DESERT BIGHORN SHEEP were nonexistent in the mountainous regions of Sierra El Alamo in Sonora, Mexico 30 years ago. At the time of this writing 100 desert bighorns have been released onto open range there, bringing an iconic part of the Mexican culture back to prominence.
The Sierra El Alamo restoration effort is a cooperative effort of landowner Javier Artee and family, the Wild Sheep Foundation, Dallas Safari Club Foundation and other concerned hunter-conservationists.
“Desert bighorn sheep are an important part of our culture in Mexico,” said Jacob Artee. “My family is proud to play a role in repatriating these animals for the people of Sonora, Mexico.”
These sheep are raised in a large high-fenced area and released onto open range as they are acclimated and optimal release locations are secured.
“This project is a shining example of the people of Mexico’s commitment to sheep conservation,” said Clay Brewer, conservation director of The Wild Sheep Foundation.
“The Artee family and all of those involved with the project as well as the community as a whole have really come together to do something historic and important for bighorns in an area that was once a stronghold for them.”
Brewer was longtime director of the Texas desert bighorn program which has seen the population soar from 40 in 1975 to 1,500, which is the estimated population in 2019.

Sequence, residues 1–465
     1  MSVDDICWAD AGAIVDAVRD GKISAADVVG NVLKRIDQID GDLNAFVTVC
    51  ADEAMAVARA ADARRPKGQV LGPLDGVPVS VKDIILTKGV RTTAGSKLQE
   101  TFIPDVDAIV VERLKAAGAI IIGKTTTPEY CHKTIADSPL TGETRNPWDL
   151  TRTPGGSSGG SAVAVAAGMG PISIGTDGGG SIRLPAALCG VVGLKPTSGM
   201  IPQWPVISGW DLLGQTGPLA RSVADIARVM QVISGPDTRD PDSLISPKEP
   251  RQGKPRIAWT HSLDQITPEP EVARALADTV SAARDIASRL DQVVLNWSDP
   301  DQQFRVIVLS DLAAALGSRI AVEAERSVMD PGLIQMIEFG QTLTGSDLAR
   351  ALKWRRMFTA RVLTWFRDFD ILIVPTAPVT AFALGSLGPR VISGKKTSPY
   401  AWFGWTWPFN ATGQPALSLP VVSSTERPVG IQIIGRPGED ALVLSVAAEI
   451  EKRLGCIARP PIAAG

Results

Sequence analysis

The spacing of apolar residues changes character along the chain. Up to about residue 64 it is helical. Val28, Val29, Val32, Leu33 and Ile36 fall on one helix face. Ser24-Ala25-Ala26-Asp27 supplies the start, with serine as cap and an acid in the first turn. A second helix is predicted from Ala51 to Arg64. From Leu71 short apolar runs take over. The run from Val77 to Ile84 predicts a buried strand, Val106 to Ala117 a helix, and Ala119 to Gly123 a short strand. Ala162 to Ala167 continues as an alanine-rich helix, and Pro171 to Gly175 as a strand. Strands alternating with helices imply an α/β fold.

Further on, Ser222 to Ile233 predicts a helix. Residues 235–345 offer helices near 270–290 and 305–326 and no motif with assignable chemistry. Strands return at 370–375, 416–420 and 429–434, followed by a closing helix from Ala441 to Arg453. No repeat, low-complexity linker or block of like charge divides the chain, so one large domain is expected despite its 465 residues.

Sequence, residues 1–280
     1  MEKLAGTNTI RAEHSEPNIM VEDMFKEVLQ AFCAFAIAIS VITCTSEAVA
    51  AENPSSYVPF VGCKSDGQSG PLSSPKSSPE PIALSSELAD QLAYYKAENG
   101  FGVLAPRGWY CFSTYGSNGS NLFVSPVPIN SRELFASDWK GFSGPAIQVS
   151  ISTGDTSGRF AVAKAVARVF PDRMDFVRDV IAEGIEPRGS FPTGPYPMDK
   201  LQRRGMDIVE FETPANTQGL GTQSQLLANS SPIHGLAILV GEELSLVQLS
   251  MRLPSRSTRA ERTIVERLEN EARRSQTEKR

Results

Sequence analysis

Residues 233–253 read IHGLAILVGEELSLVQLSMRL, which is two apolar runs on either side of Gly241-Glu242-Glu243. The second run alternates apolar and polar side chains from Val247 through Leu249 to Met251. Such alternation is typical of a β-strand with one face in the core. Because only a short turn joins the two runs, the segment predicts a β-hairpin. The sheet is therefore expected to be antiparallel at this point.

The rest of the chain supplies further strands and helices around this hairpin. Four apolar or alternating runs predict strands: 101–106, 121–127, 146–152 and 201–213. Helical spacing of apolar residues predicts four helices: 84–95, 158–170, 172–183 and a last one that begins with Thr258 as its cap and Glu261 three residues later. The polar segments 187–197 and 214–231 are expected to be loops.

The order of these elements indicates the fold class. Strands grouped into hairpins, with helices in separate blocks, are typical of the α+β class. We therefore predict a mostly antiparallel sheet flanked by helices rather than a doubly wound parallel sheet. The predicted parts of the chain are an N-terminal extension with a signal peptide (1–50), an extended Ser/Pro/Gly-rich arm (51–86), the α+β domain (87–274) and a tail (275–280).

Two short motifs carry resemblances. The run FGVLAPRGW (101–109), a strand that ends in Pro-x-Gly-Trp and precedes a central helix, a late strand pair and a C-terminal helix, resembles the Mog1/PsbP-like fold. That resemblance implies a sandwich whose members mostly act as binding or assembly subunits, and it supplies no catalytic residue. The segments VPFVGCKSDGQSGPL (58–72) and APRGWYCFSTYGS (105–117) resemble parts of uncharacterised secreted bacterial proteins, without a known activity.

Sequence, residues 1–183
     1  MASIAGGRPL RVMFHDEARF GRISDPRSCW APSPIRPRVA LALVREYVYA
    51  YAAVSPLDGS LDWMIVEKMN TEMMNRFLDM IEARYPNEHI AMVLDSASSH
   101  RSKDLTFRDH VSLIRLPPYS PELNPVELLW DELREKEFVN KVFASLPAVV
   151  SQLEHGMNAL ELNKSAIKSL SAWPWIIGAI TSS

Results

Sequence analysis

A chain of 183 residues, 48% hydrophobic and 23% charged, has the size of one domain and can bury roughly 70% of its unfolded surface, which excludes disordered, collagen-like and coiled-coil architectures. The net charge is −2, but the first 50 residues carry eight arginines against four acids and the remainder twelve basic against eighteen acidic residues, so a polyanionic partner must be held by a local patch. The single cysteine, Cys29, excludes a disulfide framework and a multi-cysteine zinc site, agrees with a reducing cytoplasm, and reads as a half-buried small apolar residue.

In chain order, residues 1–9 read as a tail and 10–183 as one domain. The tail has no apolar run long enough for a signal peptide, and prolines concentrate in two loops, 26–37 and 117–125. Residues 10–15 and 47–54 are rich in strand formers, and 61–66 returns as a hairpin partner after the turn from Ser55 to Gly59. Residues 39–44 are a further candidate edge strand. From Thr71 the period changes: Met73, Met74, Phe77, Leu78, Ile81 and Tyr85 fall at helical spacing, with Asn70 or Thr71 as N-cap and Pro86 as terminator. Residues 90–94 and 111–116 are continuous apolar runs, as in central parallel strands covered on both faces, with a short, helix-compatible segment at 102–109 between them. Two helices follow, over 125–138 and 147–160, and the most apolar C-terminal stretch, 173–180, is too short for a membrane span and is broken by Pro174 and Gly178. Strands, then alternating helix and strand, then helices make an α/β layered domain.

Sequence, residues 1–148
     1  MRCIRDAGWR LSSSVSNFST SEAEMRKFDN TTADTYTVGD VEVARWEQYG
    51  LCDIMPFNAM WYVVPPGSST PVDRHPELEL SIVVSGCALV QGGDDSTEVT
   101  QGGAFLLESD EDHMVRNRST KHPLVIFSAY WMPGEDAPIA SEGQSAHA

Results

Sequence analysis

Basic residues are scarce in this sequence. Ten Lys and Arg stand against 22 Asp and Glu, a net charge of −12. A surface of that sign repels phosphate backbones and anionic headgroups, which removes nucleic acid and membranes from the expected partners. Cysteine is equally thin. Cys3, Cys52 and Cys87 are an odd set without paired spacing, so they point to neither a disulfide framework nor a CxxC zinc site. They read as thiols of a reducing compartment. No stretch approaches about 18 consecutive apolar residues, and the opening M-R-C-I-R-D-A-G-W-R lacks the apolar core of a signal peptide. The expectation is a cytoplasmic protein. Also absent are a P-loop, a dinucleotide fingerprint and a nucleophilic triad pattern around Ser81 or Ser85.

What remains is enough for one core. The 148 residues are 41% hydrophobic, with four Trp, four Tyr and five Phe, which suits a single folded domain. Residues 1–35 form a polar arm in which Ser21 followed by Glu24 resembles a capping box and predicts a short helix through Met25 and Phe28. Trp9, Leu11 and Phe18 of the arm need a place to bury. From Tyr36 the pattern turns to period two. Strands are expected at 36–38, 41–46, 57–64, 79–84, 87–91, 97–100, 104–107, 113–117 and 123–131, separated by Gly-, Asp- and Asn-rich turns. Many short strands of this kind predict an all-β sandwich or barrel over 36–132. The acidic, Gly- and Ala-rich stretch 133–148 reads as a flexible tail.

“What is happening in Mexico is as exciting as what started happening in Texas in the 1980s and 90s,” Brewer said. “These dedicated landowners and conservationists are making sheep conservation happen along the border. This project not only brings sheep back to the mountains, but is bringing like-minded hunters, landowners and conservationists together as well.”
The goal is to release 200 desert bighorns into the area and to manage them for maximum population as well as eventual hunting opportunities.
“The ability to make these transplants happen on free range ranches in Mexico with minimal red tape is a great way to move the needle and restore desert bighorns to their native ranges” said WSF president Gray Thornton. “WSF is honored to work alongside these visionary landowners and conservationists,”
Desert bighorns have been an important part of Southwest lore for thousands of years. Pictographs and petroglyphs depicting these great animals adorn rocks in Mexico, Texas and New Mexico.
It’s not known how valuable they were as a food or sport animal to ancient people. However, these ancient etchings show people in the desert Southwest have always held bighorns in high regard.
This legacy continues with the Sierra El Alamo project.
After traveling into Mexico to pick up these desert bighorn sheep, New Mexico Game and Fish biologists made it back safely to the U.S. border and into New Mexico to Red Rock Wildlife Area and Breeding facility.
—story by CHESTER MOORE